Floor insulation performance

Floor insulation  
Having proper insulation within your floors can help keep the temperature in your house more regular.

Why insulate your floor?

If your house is on stumps or you have framed subfloors on upper storeys, adding insulation to framed floors may be a good idea. For new houses, the Building Code of Australia (BCA) and sustainability requirements mean that a certain level of insulation against downwards heat flow is required for suspended floors. It not only saves energy in heating your home in cold weather (up to 5%), but it can help keep it cool in warmer weather and help to dampen sound. This is a very important factor where ‘noisy’ floors like wooden floorboards are concerned.

The insulation itself is available in a wide variety of forms. Batts can be used, similar to what you may find in ceilings and walls. There are also rigid foam slabs that fit between joists and bearers, or thinner layers of silvered foam which create an insulated air pocket between the bottom of the joists and floor, and even various spray foam solutions. Underlay installed under a flooring surface like carpet or floating floor will also provide a small layer of insulation, but may not provide adequate insulation to ensure BCA compliance.

Floor insulation and R ratings


Because each type of floor and environment will have different needs for insulation, it's difficult to determine how much direct benefit it will provide, so a standard form of measurement can be used to help decide which insulation to choose. Insulation is rated in terms of thermal resistance; how well it protects the inside from temperature changes occurring on the outside. This rating is known as an R rating, and the higher it is, the better its thermal resistance. When checking the R values for your insulation, make sure to find out if the R rating is an American or Australian one. While it's unlikely that you'll run across this problem, an Australian rating of 1 is equal to a 5.7 rating in America so an unusually high rating may be an American version.

Insulation for slab floors

Slab floors generally only require insulation if they employ an in-slab heating or cooling system, and the requirements differ based on what type of slab your home uses.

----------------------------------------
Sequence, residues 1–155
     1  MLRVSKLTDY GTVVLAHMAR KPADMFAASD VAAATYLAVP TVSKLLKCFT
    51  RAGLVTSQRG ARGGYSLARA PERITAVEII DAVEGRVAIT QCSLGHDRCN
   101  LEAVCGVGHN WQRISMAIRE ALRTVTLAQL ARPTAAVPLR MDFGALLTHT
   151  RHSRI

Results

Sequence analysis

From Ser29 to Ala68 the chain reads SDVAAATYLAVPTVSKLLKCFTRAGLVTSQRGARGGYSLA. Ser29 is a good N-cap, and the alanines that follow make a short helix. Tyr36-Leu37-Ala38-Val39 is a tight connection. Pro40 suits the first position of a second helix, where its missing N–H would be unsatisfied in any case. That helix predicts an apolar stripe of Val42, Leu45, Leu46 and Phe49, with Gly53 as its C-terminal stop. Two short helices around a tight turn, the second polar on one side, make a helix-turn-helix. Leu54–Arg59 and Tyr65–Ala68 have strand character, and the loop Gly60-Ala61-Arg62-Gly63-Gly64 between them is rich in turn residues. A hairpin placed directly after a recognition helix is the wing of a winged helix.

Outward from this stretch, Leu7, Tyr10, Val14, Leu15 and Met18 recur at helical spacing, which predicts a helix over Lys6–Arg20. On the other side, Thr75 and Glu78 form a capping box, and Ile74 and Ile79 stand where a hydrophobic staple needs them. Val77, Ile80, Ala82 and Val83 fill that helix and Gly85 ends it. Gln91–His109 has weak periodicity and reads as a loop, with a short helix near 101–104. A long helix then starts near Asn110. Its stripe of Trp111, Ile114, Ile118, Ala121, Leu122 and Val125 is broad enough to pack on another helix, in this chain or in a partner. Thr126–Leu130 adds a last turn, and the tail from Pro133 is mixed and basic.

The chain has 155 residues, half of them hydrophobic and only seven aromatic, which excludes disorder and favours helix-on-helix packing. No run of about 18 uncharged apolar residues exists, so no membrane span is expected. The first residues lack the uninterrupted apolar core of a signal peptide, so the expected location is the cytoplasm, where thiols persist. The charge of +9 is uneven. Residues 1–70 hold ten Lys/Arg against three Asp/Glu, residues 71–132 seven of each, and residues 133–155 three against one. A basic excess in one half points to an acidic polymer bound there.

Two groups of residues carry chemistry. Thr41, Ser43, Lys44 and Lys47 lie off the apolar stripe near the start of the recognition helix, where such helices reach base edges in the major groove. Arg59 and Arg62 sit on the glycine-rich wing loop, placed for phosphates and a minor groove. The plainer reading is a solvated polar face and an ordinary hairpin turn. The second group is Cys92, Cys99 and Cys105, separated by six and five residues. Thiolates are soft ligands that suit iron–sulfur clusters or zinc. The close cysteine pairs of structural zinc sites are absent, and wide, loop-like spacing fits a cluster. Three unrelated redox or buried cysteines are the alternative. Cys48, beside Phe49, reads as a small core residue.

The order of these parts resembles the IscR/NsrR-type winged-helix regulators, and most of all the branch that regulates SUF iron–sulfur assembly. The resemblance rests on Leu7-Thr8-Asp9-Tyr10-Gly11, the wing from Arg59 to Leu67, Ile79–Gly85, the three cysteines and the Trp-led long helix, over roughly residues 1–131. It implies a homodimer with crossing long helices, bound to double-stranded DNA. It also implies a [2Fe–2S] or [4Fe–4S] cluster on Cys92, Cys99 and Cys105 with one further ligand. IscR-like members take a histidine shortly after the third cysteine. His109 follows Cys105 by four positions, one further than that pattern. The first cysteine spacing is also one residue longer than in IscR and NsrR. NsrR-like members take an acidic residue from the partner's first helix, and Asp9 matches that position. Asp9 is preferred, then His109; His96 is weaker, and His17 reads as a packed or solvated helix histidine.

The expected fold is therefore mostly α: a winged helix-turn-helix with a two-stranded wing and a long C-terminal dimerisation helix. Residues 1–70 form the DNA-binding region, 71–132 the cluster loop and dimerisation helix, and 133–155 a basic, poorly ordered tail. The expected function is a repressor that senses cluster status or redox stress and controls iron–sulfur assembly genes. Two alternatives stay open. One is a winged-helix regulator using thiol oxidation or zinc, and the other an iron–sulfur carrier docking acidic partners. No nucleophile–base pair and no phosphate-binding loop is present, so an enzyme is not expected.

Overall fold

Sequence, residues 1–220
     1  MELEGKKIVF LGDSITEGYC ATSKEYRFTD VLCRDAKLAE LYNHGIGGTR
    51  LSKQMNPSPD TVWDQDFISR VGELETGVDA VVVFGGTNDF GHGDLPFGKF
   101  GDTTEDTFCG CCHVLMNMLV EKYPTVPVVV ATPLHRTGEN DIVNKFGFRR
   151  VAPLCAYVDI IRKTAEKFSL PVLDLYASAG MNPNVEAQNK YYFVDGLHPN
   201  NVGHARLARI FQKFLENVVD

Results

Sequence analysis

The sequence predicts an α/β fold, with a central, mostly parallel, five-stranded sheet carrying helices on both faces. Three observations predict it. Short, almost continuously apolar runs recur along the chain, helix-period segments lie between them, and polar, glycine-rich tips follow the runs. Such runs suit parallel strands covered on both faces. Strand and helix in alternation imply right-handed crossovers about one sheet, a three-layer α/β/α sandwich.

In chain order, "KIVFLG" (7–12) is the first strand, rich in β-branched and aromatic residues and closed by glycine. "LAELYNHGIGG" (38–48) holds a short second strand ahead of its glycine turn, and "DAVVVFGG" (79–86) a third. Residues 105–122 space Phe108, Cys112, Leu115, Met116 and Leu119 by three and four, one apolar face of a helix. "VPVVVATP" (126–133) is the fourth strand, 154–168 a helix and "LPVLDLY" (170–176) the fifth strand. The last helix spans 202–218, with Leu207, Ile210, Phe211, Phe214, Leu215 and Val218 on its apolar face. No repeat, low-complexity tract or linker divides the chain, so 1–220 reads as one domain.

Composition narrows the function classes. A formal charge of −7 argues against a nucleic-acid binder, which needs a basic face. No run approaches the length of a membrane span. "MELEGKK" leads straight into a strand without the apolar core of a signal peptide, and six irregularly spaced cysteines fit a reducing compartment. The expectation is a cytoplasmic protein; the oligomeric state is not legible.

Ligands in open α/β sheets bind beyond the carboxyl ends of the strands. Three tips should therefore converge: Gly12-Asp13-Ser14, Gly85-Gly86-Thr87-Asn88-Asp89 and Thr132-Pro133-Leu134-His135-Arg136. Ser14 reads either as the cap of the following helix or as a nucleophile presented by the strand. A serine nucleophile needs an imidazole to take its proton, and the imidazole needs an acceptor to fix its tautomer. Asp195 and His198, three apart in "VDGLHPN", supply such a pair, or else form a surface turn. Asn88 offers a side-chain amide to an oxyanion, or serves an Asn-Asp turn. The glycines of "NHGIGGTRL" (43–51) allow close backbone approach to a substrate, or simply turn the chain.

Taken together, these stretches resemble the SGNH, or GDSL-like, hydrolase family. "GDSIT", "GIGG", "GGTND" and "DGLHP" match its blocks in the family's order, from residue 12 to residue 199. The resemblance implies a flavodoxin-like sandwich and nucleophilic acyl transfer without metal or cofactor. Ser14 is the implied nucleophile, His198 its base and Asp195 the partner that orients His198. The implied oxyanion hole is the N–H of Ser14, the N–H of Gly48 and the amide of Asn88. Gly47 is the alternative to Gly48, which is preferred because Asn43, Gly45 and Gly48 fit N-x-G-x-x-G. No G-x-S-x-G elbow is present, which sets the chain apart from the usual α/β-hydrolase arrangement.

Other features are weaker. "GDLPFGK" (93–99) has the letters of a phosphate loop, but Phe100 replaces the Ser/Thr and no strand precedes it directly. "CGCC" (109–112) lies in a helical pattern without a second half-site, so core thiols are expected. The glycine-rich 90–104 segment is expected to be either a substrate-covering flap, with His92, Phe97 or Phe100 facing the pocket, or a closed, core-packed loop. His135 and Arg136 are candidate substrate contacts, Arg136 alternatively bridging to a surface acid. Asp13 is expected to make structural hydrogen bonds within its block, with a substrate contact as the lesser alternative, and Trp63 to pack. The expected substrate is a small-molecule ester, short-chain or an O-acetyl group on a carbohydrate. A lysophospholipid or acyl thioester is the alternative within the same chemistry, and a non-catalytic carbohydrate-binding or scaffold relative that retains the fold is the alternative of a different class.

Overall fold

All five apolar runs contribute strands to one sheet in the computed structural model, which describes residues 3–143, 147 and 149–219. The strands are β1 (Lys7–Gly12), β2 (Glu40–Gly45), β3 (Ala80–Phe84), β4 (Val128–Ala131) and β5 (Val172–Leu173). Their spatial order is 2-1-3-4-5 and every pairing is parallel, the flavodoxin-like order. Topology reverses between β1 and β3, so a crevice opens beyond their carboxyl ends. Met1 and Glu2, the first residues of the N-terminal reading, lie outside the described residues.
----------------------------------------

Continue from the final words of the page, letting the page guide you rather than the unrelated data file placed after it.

Concrete slab floors  
    • Suspended slabs with an in-slab heating system need to be insulated on the vertical edge of their perimeter with insulation that has an R-value of at least 1.


  • Concrete on-ground slabs with an in-slab heating system need to be insulated on the vertical edge of their perimeter. The required R-value of this insulation varies depending on where on the slab it's installed. Likewise, it needs to be continuous from the finished floor level to a depth of 300mm, or at least to the full depth of the vertical edge of the slab. Consult an in-slab heating professional to make sure your heated slab is correctly insulated.

Heat loss through floors

Beam and joist floors, particularly those resting on stumps will lose a great deal of heat through the floor, inflating heating bills and wasting energy. The further the floor is away from the ground, the more heat it will lose as the coldest air around your house is found under it, so putting an insulating barrier between that and the floor surface can save thousands in heating costs. Existing floors can be insulated too, though this can be somewhat disruptive if the building is occupied.

Long term benefits

Insulation takes the chill from a floor, preventing any cold air from leaking through cracks and gaps, muffles noise and prevents indoor heating from leaking out through the floor. Considering the benefits and savings you'll reap in the long term, and the fact that you will likely only ever have to insulate your floor once during its lifetime, it makes great sense to insulate if you can.